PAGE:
That there is a serious housing shortage in the UK is not in debate. The government estimates that a million new homes need to built by 2020 and at the moment we are building around 140,000 a year. There is also little argument about the damage this is causing on a wider social and economic level both in terms of creating an inter-generational divide in home ownership and an unsustainable housing bubble. Solving this problem is not going to be easy but new technology may provide part of the solution.
Policy makers are showing increasing interest in prefabricated modular homes. These are being developed on assembly lines with precision engineering and are a far cry from some of the less appealing architectural innovations of the 1960s and 1970s. At the moment around 15,000 homes are built this way in the UK each year.
At the end of last year a Housing Association signed a landmark £2.5 billion joint venture with a Chinese owned State Construction Company to build 25,000 new homes over the next five years.
Whether the EU referendum and a resurgent nationalistic impulse threatens further similar projects remains to be seen but if the factories and technology can be developed in the UK then there could be electoral and economic dividends in terms of new jobs and new skills both of which are likely to remain high on the political agenda.
The main advantages of modular designs are two fold – Speed and Cost.
Modular Homes are constructed off site and transported to their final destination resulting in a quicker and cheaper building process. It is estimated that off site modular homes can be built in approximately half the time of houses built using traditional construction techniques as the modular home can be built in the factory while the foundations are being laid.
Developers also claim that modular homes are made to a more consistent standard and labour costs are easier to control as less “on site” skilled labour is required. It is also claimed that the building process is safer and there is less scope for construction related accidents.
Advocates of the new modular style homes argue that the properties are more energy efficient and will be cheaper and more efficient to heat. Designs can also be customised easily.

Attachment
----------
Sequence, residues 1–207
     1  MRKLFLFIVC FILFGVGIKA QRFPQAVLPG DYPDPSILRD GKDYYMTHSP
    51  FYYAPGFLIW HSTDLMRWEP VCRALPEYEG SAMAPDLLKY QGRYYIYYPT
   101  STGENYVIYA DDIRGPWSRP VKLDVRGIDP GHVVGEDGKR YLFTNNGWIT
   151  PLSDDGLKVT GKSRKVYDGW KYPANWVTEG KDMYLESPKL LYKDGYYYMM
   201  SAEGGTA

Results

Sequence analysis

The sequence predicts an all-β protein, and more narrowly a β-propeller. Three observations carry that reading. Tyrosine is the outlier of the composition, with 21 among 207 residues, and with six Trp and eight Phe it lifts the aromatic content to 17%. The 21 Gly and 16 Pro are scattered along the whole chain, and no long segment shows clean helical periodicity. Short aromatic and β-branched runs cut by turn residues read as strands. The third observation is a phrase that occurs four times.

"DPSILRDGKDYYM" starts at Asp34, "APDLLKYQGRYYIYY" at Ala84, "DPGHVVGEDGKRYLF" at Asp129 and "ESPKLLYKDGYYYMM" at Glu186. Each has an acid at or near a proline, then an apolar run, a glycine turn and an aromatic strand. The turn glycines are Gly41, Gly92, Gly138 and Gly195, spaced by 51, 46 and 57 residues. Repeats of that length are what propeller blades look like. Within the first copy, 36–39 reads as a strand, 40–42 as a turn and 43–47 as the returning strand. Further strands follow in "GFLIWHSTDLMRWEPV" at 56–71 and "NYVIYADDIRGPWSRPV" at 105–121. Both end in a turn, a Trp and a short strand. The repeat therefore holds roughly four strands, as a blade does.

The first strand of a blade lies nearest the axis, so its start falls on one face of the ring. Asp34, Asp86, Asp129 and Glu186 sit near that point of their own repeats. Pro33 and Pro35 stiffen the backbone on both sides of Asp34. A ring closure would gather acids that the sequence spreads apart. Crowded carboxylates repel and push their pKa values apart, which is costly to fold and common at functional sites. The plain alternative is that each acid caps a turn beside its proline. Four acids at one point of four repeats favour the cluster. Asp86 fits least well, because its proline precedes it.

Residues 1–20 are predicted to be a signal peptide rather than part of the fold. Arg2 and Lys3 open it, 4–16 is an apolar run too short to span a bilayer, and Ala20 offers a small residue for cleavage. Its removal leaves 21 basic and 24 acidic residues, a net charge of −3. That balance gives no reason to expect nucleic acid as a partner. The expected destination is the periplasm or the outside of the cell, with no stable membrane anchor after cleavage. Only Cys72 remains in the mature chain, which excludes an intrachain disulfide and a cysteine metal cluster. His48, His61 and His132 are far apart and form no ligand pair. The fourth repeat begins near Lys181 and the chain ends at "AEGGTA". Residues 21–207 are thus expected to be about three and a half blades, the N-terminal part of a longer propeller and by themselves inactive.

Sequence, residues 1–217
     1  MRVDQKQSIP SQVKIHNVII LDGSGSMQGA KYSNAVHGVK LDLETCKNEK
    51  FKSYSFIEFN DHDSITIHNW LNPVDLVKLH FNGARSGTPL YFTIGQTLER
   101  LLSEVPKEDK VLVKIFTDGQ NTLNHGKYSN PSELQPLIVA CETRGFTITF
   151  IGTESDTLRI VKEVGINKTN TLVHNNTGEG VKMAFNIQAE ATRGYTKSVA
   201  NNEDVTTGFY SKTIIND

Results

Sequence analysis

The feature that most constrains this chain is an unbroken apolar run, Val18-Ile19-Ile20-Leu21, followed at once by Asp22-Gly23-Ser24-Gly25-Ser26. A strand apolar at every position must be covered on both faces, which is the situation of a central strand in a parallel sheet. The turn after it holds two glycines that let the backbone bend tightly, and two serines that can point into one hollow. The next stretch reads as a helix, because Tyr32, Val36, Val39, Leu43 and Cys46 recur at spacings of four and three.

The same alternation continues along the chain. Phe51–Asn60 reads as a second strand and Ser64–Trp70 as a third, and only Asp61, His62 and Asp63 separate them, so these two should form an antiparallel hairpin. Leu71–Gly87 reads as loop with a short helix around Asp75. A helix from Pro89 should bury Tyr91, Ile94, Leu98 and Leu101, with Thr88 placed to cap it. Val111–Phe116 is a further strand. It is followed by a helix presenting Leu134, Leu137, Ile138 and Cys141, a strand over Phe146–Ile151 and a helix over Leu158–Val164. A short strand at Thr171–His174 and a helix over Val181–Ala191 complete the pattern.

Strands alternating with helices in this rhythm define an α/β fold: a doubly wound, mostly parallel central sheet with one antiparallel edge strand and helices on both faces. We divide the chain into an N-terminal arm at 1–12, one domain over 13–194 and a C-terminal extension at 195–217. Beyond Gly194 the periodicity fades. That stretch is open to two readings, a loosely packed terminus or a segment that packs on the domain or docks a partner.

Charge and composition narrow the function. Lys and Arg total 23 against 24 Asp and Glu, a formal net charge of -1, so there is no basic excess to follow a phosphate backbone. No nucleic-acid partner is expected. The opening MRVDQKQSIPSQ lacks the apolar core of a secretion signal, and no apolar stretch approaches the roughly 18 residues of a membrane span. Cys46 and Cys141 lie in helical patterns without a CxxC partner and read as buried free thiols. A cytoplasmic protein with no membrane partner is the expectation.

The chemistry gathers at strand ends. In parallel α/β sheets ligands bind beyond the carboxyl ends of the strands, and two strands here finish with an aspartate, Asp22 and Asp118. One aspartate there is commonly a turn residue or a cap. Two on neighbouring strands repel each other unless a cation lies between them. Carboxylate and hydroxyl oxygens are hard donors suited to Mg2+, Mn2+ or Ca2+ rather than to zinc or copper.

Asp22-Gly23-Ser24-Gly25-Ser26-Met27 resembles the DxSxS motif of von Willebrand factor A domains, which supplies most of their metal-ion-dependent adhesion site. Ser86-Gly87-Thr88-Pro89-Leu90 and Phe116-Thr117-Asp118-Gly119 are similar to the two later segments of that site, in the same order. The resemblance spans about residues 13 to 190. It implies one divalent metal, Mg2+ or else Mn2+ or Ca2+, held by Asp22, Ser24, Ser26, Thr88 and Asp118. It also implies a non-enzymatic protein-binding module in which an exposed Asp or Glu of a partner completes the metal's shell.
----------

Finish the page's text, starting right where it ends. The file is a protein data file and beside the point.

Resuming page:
If the modular homes are less expensive to build then they should be less expensive to buy – good for consumers but perhaps less good for the established large home builders who may find their traditional business models are threatened and profit margins squeezed.
So are there any downsides?
Critics of modular homes cite the fact that at the moment materials used are normally imported from abroad and that this offsets some of the environmental advantages of the “air tight” modular designs. There is also concern that the demand for locally sourced skilled labour may decrease.
In the past mainstream mortgage lenders have been wary of lending money against properties built on a “non-standard construction” basis. If the modular homes are structurally sound and durable it seems reasonable to assume that lenders policies will evolve to take account of these innovations.
So can we expect the trend to increase?
Historically the UK property buyer has been willing to pay a premium for desirable period homes with original features and it remains to be seen whether these latest innovations will usher in a revolution in the UK housing market or whether the constriction of modular homes will endure as a niche cottage industry.
Either way many will be playing close attention to the government’s White Paper on housing reform due to be published shortly, for signs of just how committed it is to innovation in this sector. If we don’t take advantage of the new technologies and invest in UK capacity and skills in this area then we risk losing these new jobs to firms located overseas. Burying our head in the sand on the assumption this is passing fad may be an opportunity missed.
By Daniel Pike